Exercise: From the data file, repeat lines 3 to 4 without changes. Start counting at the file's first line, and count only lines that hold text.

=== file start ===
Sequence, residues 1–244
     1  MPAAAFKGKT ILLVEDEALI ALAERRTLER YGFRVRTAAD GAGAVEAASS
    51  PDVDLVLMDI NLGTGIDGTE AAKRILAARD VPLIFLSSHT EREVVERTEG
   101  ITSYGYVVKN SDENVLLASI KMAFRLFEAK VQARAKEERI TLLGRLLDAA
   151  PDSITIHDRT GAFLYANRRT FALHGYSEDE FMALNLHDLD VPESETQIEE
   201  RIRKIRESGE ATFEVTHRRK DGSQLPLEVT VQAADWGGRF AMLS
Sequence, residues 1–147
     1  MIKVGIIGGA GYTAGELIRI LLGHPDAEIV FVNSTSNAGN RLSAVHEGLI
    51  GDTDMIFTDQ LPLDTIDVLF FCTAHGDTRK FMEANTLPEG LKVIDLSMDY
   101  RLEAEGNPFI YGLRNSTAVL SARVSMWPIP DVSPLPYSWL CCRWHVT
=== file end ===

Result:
    51  PDVDLVLMDI NLGTGIDGTE AAKRILAARD VPLIFLSSHT EREVVERTEG
   101  ITSYGYVVKN SDENVLLASI KMAFRLFEAK VQARAKEERI TLLGRLLDAA